Only those stairways, passageways, and ladders, designated as means of access to the structure of a building, shall be used. Other access ways shall be entirely closed at all times.
All stairs, passageways, ladders and incidental equipment thereto, which are covered by this section, shall be periodically inspected and maintained in a clean safe condition.
In a multistory building, when a stairwell is being used, it shall be properly illuminated by either natural or artificial means, and completely and substantially covered over at a point not less than two floors below the floor on which work is being performed, and access to the floor where the work is in progress shall be through a properly lighted, protected, and separate passageway.
No material shall be dropped to any point lying outside the exterior walls of the structure unless the area is effectively protected.
All materials chutes, or sections thereof, at an angle of more than 45 deg. from the horizontal, shall be entirely enclosed, except for openings equipped with closures at or about floor level for the insertion of materials. The openings shall not exceed 48 inches in height measured along the wall of the chute. At all stories below the top floor, such openings shall be kept closed when not in use.
A substantial gate shall be installed in each chute at or near the discharge end. A competent employee shall be assigned to control the operation of the gate, and the backing and loading of trucks.
When operations are not in progress, the area surrounding the discharge end of a chute shall be securely closed off.
Any chute opening, into which workmen dump debris, shall be protected by a substantial guardrail approximately 42 inches above the floor or other surface on which the men stand to dump the material. Any space between the chute and the edge of openings in the floors through which it passes shall be solidly covered over.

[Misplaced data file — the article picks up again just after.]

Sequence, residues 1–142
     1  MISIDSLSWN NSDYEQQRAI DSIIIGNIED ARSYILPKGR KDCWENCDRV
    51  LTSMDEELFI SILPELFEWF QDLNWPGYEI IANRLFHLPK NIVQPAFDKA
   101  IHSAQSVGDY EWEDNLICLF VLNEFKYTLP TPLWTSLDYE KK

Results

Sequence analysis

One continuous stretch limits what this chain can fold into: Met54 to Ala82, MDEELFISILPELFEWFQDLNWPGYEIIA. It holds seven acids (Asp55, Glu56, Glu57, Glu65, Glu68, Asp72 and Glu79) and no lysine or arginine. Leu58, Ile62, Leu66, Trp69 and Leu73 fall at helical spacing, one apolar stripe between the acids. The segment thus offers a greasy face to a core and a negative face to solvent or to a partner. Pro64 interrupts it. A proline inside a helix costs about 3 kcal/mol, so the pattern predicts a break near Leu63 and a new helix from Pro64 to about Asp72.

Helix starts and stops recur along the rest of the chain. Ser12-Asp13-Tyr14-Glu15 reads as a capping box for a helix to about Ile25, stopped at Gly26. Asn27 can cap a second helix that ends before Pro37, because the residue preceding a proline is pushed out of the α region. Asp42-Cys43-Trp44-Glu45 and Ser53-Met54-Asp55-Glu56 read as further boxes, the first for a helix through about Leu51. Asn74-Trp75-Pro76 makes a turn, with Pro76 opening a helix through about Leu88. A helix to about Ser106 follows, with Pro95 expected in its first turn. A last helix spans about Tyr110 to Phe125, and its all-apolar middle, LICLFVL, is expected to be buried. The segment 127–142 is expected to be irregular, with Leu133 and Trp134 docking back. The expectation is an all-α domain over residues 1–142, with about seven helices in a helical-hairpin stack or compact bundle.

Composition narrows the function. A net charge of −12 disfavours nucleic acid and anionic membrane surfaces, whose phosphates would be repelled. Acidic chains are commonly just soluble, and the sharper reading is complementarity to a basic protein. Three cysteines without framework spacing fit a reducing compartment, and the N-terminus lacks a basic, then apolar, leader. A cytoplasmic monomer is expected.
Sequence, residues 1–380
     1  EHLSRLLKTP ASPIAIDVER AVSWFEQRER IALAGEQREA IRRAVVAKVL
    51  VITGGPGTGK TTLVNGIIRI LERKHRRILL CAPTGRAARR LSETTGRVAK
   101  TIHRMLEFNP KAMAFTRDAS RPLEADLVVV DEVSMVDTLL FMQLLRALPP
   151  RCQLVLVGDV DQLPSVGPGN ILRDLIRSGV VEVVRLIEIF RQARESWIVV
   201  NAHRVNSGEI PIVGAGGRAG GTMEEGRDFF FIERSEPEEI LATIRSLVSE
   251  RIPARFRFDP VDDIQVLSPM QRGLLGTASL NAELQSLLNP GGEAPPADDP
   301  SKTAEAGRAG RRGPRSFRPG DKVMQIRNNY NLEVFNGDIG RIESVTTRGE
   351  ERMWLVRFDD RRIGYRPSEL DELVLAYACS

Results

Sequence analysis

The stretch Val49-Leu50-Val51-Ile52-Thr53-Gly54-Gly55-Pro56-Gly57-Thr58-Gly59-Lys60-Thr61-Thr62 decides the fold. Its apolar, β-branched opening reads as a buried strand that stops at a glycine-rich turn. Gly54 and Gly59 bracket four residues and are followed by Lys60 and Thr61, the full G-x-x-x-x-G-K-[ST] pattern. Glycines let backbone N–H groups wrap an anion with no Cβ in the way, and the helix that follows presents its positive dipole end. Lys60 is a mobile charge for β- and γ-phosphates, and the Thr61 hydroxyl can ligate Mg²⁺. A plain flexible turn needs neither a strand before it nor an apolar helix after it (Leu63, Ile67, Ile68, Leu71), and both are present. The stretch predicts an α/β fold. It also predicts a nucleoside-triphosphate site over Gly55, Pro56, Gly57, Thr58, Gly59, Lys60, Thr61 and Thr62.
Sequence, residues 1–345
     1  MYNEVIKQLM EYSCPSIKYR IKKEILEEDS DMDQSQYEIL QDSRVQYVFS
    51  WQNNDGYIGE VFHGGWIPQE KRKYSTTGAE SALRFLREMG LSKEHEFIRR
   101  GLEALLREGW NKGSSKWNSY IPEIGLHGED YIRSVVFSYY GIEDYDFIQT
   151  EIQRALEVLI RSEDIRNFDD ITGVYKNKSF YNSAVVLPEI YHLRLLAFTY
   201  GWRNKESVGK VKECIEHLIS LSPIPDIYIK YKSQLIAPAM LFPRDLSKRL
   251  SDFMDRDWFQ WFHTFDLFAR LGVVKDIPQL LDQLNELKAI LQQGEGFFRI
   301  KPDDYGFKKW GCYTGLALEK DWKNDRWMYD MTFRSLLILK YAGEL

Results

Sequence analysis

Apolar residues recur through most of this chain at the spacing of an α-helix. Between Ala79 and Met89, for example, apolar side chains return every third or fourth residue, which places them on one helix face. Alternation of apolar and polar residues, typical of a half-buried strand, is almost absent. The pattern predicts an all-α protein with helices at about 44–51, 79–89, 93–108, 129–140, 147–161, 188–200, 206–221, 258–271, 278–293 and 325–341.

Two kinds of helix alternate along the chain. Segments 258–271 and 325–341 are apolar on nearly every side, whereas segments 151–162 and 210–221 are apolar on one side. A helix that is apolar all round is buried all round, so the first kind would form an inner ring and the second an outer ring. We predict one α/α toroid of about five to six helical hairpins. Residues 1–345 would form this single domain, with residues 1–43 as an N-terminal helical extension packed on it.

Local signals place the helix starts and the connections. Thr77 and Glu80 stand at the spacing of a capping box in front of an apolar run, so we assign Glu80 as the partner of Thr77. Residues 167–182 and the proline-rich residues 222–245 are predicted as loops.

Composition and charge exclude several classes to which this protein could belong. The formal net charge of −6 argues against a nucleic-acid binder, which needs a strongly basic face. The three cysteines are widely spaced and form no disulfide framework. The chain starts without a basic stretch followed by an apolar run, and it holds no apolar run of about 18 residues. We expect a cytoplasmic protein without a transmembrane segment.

Where the material is dumped from mechanical equipment or wheelbarrows, a securely attached toeboard or bumper, not less than 4 inches thick and 6 inches high, shall be provided at each chute opening.
Chutes shall be designed and constructed of such strength as to eliminate failure due to impact of materials or debris loaded therein.
Any openings cut in a floor for the disposal of materials shall be no larger in size than 25 percent of the aggregate of the total floor area, unless the lateral supports of the removed flooring remain in place. Floors weakened or otherwise made unsafe by demolition operations shall be shored to carry safely the intended imposed load from demolition operations.
Masonry walls, or other sections of masonry, shall not be permitted to fall upon the floors of the building in such masses as to exceed the safe carrying capacities of the floors.
No wall section, which is more than one story in height, shall be permitted to stand alone without lateral bracing, unless such wall was originally designed and constructed to stand without such lateral support, and is in a condition safe enough to be self-supporting. All walls shall be left in a stable condition at the end of each shift.
Employees shall not be permitted to work on the top of a wall when weather conditions constitute a hazard.
Structural or load-supporting members on any floor shall not be cut or removed until all stories above such a floor have been demolished and removed. This provision shall not prohibit the cutting of floor beams for the disposal of materials or for the installation of equipment, provided that the requirements of 1926.853 and 1926.855 are met.
Floor openings within 10 feet of any wall being demolished shall be planked solid, except when employees are kept out of the area below.
In buildings of "skeleton-steel" construction, the steel framing may be left in place during the demolition of masonry. Where this is done, all steel beams, girders, and similar structural supports shall be cleared of all loose material as the masonry demolition progresses downward.
Walkways or ladders shall be provided to enable employees to safely reach or leave any scaffold or wall.
Walls, which serve as retaining walls to support earth or adjoining structures, shall not be demolished until such earth has been properly braced or adjoining structures have been properly underpinned.
Walls, which are to serve as retaining walls against which debris will be piled, shall not be so used unless capable of safely supporting the imposed load.
Openings cut in a floor shall extend the full span of the arch between supports.